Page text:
Community gardenig is nothing new for Calgary communities. The Vacant Lots Garden Club  began in 1914 and was the earliest organized collective gardening club in Calgary. The Club dissipated in 1952 but it benefited thouands of people in the City who were struggling in poverty improving the overall esthetic of Calgary neighborhoods. The focus of these garden initiatives were both successful in communal and practical manner due to the size of land available along with the motivation to cultivate crops that would keep yourself and your family from starvation throughout the year.

Calgary community gardens

 

 

 

 

 

 

 

 

 

Photo courtesy of the Glenbow Museum Archives

 

Calgary no longer has the mixed blessing of vacant lots, land has increased dramatically in value since 1914. The interest of maintaining such large open areas has also greatly diminished. Fostering community through gardening  is a movement that is gaining momentum in Calgary.  For those of you who place value on the success of growing locally as much as the relational aspect of communal gardening- please allow me to highlight the Calgarian grass roots movement known as the Leaf Ninjas.

the guys of the ninjas

 

 

 

 

 

 

 

 

 

Founders of the Leaf Ninjas

 

The Leaf Ninjas have seemlessly blended urban farming and landscape in harmonious blend of permaculture. They began farming on the borrowed land of homeowners and selling their produce to local restaurants and at the Market Collective. In return, the home owners get a share of the harvests. The Leaf Ninjas have expanded into edible landscapes, food forests and ecological restoration, completely transforming the way we think about garden design for our yards.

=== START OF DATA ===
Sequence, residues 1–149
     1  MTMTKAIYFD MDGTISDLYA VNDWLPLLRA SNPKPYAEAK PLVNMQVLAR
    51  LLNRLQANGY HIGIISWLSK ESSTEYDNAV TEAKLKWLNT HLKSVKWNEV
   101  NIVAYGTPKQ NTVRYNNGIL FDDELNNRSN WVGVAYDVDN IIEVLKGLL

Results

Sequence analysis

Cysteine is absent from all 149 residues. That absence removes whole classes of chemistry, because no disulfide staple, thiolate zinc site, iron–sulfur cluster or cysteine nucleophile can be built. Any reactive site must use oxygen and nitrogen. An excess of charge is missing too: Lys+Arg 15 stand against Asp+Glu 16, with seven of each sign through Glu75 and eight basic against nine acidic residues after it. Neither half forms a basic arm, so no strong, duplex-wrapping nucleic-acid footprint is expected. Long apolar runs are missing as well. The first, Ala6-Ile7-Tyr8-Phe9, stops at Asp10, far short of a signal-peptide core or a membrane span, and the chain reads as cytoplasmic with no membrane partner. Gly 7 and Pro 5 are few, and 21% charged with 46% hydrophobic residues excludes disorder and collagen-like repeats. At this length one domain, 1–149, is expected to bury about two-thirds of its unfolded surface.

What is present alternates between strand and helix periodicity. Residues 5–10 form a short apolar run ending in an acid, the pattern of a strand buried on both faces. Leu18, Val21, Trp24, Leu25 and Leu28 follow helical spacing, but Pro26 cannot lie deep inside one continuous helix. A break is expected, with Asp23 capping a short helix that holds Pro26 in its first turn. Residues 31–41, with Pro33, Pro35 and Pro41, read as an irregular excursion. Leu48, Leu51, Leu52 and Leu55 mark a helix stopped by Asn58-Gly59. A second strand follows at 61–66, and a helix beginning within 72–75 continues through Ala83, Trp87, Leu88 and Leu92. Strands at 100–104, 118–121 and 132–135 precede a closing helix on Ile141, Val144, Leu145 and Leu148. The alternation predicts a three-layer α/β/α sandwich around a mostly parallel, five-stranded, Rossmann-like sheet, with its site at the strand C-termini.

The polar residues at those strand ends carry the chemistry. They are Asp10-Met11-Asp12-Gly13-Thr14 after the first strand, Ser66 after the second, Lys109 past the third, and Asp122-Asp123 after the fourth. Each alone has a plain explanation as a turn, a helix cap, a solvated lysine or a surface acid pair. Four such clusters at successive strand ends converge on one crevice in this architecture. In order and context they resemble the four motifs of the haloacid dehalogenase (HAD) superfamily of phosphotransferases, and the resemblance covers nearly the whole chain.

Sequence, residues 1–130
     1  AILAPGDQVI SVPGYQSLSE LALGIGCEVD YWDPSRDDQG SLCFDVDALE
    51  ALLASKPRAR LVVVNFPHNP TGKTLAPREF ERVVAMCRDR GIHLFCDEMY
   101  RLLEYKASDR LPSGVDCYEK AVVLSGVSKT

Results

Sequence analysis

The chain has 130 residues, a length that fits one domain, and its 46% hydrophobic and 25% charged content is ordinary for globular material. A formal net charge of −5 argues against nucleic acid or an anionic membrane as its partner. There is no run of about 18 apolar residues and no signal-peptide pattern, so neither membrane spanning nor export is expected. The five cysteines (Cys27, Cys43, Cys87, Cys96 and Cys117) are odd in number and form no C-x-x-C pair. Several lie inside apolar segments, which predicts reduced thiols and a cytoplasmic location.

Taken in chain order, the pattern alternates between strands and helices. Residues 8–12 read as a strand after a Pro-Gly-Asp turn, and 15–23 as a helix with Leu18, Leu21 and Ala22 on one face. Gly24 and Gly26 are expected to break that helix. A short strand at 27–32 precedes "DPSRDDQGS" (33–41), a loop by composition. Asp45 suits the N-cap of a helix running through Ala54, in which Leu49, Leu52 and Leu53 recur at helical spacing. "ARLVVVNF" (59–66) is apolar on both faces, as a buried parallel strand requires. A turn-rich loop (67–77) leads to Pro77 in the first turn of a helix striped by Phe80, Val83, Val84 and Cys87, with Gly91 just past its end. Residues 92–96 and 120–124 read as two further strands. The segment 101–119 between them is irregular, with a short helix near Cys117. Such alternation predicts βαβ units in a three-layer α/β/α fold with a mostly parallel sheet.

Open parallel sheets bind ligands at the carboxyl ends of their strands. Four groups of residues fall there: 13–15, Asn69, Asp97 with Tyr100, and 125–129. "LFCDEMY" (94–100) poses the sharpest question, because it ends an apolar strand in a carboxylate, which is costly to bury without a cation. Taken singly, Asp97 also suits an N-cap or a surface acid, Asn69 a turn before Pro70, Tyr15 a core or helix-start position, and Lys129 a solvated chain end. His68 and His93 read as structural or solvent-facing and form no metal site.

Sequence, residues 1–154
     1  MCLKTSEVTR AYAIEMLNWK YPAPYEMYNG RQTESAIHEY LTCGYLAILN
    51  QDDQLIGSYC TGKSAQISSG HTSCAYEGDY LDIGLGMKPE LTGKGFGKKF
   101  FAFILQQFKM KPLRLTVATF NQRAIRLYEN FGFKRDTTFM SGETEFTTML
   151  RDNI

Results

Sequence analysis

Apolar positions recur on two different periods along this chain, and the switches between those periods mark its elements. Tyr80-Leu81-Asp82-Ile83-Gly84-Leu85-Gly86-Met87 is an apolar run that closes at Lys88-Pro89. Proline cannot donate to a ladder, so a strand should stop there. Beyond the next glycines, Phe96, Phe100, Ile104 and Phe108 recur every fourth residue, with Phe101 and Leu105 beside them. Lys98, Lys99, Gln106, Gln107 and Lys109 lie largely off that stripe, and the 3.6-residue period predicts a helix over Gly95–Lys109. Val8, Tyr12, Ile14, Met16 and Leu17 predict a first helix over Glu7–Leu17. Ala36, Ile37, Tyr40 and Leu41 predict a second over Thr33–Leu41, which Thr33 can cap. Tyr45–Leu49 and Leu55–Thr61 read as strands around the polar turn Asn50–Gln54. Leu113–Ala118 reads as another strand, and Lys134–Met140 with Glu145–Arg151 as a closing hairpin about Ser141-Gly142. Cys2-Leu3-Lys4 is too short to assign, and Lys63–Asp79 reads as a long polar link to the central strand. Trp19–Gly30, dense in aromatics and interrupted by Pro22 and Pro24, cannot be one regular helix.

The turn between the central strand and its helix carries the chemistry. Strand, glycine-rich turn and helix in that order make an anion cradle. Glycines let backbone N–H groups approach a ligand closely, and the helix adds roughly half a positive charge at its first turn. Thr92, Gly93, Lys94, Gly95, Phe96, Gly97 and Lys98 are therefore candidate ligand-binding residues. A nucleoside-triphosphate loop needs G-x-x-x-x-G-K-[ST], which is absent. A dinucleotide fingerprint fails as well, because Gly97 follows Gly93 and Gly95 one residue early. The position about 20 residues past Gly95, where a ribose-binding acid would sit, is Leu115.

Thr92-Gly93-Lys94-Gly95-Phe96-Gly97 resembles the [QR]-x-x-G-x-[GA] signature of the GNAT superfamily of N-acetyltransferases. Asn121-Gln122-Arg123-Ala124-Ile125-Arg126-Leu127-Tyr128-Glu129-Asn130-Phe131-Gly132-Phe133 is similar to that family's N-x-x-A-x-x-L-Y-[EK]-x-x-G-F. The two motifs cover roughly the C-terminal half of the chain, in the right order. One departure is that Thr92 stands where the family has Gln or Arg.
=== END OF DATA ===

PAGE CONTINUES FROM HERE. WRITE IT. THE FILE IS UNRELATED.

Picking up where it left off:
food forest in action

 

Edible landscapes

 

Community continues to cultivate with the installation of these edible landscapes, primarily because of their unique design and functionality. The Leaf Ninjas have revolutionized the way Calgary produces local crops, adding vibrancy to the city’s communities with their unique mantra of bringing paradise to earth. Working with Calgary’s fickle environment in collective efforts yields stronger communities and steps towards a sustainable future.

LK

 

 

For more information about the Leaf Ninjas, click their icon below.

logo

 

REFERENCES:

1. “Bridgeland Gardens”. City of Calgary. Accessed May 26, 2015. http://www.calgary.ca/CSPS/Parks/Pages/History/Bridgeland-Gardens.aspx

2. “Forces of Nature”. Leaf Ninjas. Accessed May 26, 2015. http://www.leafninjas.ca/about/

 

Next: Where will Calgary be in 50 years?

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Comments:

  1. mooonunit says:

    I also struggle with the conflicts that the capricious, short growing season and low vegetable yields provide me when gardening in my backyard. Maybe it is the nostalgia or false sense of some accomplishment that keep me planting on my lot. One approach I have taken that I have found very productive has been to predominantly plant perennials in my yard. If you can survive on (lots of) berries, apples, rhubarb alone then it will help you get ahead of the weather.